Friday, May 22, 2020

Our Walden Moment (Polk)

Books by stoic philosophers, Seneca and others, are selling well during the pandemic. That makes sense, but I’m turning to Henry David Thoreau and Bill Murray for guidance. Is this our Walden moment? Or is it Groundhog Day? For me it’s somewhere in between. Like all of us, my social activities have fallen away: teaching on campus at Lorain County Community College, giving school tours at the Cleveland Museum of Art, occasional jazz gigs and jam sessions. All that interaction with others is gone or at best moved online. I’ve been grounded. But being grounded also means reconnecting with our true self, and the pandemic has given me that opportunity.

It feels like a retreat away from the bustle of life. It feels like my childhood, when entertainment options were channels 3, 5, and 8, or WVIZ 25 with rabbit ears. I lived in the inner city. No shopping, no going anywhere. We made up our own ways to fill the day, as I do now. I write at least an hour a day, walk for an hour, play and compose music for an hour, and spend an hour managing my creative pursuits. Although I’ve never had routines, this structure has helped me stay productive, which is good, but life now is about more than being productive. It’s about turning inward and focusing on what’s important. Turning down the volume of life until I reach the quietness that reflection requires. 

My cabin is a modest house in Cleveland, my Walden Pond is Lake Erie, a ten-minute walk away. The lake winds keep it cold through April and May, but I bundle up and quickly get used to it, even look forward to it. Thoreau said, “Simplicity, simplicity, simplicity! I say, let your affairs be as two or three, and not a hundred or a thousand.” I was near that thousand mark. As a teacher, writer, and musician, there were endless possibilities I wanted to explore. Those possibilities still exist, but instead of being shoehorned into a busy day, I have time to consider, in the words of pandemic management, which are essential.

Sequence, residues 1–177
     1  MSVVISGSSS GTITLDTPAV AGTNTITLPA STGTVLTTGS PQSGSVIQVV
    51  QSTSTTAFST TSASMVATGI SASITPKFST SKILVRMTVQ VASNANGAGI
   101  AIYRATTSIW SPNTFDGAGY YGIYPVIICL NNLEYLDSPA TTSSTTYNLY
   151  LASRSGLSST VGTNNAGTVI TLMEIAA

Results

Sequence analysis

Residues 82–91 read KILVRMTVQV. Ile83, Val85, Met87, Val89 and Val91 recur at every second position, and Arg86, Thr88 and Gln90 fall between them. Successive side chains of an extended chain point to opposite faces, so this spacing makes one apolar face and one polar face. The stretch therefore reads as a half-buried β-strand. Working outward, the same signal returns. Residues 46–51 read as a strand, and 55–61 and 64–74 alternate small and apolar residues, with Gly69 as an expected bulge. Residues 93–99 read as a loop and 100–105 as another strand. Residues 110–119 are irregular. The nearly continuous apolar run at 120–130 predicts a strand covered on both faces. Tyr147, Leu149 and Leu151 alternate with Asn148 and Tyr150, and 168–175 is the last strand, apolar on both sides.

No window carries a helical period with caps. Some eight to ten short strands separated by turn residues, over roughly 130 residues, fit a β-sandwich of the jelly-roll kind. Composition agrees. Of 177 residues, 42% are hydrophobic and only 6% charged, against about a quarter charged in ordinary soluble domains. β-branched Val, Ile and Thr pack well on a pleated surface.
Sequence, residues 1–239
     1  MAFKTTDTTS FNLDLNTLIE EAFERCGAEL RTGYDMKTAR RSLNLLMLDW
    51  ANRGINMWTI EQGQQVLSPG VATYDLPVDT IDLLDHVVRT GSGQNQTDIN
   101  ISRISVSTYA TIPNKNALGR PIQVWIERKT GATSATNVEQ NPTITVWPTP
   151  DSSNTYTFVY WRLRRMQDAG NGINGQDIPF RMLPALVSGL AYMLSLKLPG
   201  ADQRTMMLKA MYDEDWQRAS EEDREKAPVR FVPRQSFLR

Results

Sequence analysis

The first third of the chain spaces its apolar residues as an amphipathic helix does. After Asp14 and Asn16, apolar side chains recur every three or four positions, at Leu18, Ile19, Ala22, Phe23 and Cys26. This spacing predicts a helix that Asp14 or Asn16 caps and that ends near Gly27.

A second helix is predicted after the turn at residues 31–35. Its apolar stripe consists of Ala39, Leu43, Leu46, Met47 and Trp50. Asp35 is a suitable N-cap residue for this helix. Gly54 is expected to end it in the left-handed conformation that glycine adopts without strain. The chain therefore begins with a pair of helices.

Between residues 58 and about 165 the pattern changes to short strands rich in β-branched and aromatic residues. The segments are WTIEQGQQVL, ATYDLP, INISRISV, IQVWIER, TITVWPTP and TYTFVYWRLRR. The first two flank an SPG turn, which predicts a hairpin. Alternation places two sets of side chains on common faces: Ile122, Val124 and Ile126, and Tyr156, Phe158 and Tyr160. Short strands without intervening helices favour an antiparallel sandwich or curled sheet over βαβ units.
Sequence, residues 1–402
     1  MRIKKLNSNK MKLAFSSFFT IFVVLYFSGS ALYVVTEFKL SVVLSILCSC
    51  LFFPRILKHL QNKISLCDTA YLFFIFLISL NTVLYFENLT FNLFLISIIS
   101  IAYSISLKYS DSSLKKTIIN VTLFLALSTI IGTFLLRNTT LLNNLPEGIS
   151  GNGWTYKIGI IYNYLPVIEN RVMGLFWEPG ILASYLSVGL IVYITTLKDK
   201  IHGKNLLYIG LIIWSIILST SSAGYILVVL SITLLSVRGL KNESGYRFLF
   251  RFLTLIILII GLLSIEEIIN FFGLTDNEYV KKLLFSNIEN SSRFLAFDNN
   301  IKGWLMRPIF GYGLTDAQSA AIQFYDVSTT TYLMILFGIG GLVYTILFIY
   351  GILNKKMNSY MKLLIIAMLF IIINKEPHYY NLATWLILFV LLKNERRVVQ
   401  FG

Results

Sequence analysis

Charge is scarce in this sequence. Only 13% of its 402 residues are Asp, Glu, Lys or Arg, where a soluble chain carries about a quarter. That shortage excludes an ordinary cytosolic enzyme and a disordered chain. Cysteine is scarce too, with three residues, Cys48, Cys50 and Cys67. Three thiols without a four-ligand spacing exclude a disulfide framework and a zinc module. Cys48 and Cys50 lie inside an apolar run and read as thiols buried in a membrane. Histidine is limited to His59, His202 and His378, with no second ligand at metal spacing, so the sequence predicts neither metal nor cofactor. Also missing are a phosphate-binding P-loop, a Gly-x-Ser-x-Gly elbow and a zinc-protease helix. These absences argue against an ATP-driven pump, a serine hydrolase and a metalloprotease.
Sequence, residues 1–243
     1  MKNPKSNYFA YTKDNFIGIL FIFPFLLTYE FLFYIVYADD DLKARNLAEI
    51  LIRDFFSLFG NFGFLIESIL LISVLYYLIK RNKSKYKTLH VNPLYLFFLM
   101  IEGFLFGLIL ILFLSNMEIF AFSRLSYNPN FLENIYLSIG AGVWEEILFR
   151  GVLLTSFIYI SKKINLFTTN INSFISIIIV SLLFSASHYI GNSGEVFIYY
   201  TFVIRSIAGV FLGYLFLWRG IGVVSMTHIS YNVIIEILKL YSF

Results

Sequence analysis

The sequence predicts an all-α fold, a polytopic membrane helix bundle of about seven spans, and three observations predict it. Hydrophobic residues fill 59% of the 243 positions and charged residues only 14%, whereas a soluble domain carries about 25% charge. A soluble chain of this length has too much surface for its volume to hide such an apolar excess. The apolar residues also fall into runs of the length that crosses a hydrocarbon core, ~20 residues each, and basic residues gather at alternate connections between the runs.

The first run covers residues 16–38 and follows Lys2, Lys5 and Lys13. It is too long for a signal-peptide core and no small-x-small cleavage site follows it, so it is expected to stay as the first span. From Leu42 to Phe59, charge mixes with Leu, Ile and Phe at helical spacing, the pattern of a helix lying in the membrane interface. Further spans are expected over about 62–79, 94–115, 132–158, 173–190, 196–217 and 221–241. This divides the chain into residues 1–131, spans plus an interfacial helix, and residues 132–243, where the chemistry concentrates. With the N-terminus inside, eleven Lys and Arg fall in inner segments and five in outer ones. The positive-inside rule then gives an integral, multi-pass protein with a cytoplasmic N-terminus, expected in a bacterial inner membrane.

Yes, every day is very similar. I go to bed and wake up with that Groundhog Day feeling. I don’t miss driving or shopping. I miss swimming, but walking helps ground me in this new analog (but with Zoom) life. Bill Murray, in his role as TV reporter, realized he was trapped in the same day but discovered he had amazing freedom to craft the day however he chose, and he started to work on perfecting that day. I’ve been given that chance, too. To really think about each day and what would make it meaningful.

The limits imposed on us by the pandemic have helped me come to this realization, that all I have to work with is this day, my little part of the world, myself. I have to accept those limits and then find the freedom it grants me. Emerson said there comes a point when every person “must take himself for better, for worse, as his portion; that though the wide universe is full of good, no kernel of nourishing corn can come to him but through his toil bestowed on that plot of ground which is given to him to till.” That plot of ground seems small these days, but also much larger as I try to cultivate this postage stamp of a yard, my life.

Geoffrey Polk writes, teaches English, and plays jazz sax and clarinet. His poetry and fiction have appeared in several journals. Nonfiction publications include articles on literature and music and interviews with David Foster Wallace, Ken Kesey, Studs Terkel, and others.

1 comment:

  1. Love this, Geoff. If you ever want to borrow my 14 volumes of ALL Thoreau's diaries and not just the piddling two years that made it into Walden, let me know. They are such a stitch. I like looking up the date I'm in and seeing what Henry David was doing that day.